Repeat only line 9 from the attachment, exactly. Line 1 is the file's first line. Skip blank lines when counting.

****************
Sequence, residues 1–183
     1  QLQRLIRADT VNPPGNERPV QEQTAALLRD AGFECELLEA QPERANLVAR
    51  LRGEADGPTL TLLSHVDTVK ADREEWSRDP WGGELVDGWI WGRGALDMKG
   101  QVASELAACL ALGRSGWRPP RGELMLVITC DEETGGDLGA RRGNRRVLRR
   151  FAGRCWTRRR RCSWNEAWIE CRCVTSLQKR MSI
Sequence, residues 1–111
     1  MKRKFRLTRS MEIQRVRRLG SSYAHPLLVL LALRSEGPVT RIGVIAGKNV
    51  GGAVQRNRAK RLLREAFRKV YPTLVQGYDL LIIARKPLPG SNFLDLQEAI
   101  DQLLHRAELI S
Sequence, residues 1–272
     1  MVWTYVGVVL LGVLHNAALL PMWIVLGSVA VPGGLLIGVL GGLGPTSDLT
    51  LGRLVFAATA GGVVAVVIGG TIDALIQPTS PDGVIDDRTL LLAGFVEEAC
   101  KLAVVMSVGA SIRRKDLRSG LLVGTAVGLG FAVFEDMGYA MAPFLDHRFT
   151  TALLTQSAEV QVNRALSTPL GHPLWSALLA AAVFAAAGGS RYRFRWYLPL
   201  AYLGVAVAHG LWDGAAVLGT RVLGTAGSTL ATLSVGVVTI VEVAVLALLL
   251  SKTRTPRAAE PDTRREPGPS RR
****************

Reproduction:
   101  DQLLHRAELI S